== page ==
I value opportunities for open discourse with people whose background knowledge, experience and perspective differ from mine. It helps me develop a broader understanding of an issue and clarify my own thinking. I embrace differences and am comfortable agreeing to disagree. From personal experience, the teams I have worked on which had the largest variation in representation found the most innovative solutions and produced the best results. If you believe increased variation of background knowledge, experience, and perspective is essential for the Somerset School Board, on April 1 vote for Nancy Dressel.

Nancy Dressel, Town of Star Prairie


Re-elect Agnes Ring

To the Editor:

For the past two years, Agnes Ring has served on the St. Croix County Board. On Tuesday, April 1, I ask for your support to re-elect Agnes Ring as County Board Supervisor in District 2.

Agnes Ring has an extensive resume including leadership roles with numerous local community organizations. Her active participation demonstrates that she is someone who is invested and interested in the betterment of our local community. The leadership skills she has attained through her involvement in both community organizations along with years of professional experience is evident in the critical thinking she has demonstrated while serving on the St. Croix County board.

St. Croix County continues to be ranked as the fastest growing county in the state and there are many challenges and opportunities ahead. We need to elect someone who will work hard to make responsible decisions for the long-term best interest of St. Croix County. Agnes Ring has demonstrated during her time on the board that she is open-minded, listens to her constituents, researches the issues in depth and draws from her many years of leadership experience to make sound unbiased decisions.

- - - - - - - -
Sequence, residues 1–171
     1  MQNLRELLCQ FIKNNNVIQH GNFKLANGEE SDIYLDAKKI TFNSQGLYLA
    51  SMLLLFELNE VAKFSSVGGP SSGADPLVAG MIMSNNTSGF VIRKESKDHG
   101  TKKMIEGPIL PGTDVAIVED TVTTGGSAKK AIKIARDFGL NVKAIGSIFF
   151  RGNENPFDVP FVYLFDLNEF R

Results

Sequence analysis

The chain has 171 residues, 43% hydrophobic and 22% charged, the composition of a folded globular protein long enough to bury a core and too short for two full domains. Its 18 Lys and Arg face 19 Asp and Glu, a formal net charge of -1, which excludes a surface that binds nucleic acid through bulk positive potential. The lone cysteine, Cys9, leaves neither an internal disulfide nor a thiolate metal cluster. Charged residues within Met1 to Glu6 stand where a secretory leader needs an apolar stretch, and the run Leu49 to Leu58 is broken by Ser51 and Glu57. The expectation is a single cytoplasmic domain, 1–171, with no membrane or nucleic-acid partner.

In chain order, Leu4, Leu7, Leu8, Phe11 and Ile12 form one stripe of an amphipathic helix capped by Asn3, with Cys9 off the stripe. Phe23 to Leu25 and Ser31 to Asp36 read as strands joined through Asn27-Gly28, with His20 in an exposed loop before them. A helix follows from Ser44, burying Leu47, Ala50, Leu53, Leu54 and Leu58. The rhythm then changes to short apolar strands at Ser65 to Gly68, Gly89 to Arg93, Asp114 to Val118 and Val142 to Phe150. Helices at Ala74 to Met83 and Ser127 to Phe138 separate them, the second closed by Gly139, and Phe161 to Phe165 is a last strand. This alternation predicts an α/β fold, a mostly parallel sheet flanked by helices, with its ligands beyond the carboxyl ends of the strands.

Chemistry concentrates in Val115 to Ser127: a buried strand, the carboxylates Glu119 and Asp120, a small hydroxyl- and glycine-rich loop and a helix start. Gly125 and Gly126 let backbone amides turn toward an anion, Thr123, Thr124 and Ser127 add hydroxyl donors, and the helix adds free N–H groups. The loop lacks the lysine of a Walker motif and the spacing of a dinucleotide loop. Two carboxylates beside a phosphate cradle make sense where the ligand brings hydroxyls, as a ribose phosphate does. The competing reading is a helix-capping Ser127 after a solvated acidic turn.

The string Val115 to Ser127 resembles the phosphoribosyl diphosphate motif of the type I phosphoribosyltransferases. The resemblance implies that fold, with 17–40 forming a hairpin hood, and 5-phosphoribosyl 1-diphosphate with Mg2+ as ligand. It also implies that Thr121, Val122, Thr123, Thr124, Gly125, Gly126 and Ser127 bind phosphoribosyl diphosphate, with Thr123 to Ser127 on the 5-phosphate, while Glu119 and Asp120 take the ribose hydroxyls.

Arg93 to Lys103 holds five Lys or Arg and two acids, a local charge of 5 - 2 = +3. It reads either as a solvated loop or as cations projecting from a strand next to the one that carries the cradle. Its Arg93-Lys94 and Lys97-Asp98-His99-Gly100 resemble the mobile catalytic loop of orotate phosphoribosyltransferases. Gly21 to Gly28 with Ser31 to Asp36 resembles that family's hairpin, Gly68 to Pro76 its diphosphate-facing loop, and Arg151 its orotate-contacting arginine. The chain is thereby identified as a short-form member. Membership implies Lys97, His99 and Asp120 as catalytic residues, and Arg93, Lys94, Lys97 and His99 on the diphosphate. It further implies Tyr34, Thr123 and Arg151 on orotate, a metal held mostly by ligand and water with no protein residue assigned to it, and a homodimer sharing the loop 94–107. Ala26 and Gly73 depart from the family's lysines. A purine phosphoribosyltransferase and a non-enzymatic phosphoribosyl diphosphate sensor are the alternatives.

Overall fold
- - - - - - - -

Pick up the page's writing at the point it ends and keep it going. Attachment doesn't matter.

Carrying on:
St. Croix County will be well served by re-electing Agnes Ring to the St. Croix County Board.

Caren Witzmann, Town of Somerset


Vote for Ron Kiesler

To the Editor:

I am writing in support of Ron Kiesler for County Board Supervisor in District 13 (southern half of New Richmond).

Our County Board races are very important. Wisconsin is one of just a handful of states that utilizes their county governments to administer state and federal programs. Thus, your County Board has a lot of authority over how, when, where or even if these programs are provided to the citizenry.

Ron Kiesler has 26 years of experience in local government, working with state and federal authorities at many levels. He knows how to navigate these regulatory waters and always has the right questions to ask. His knowledge and public servant heart combine to constantly look for ways to enhance our local services and act as an advocate for the community’s needs, yet he has a constant eye for how to “get more bang for the buck,” which taxpayers will appreciate. I saw this many times over the 14 years that I worked with him at St. Croix County.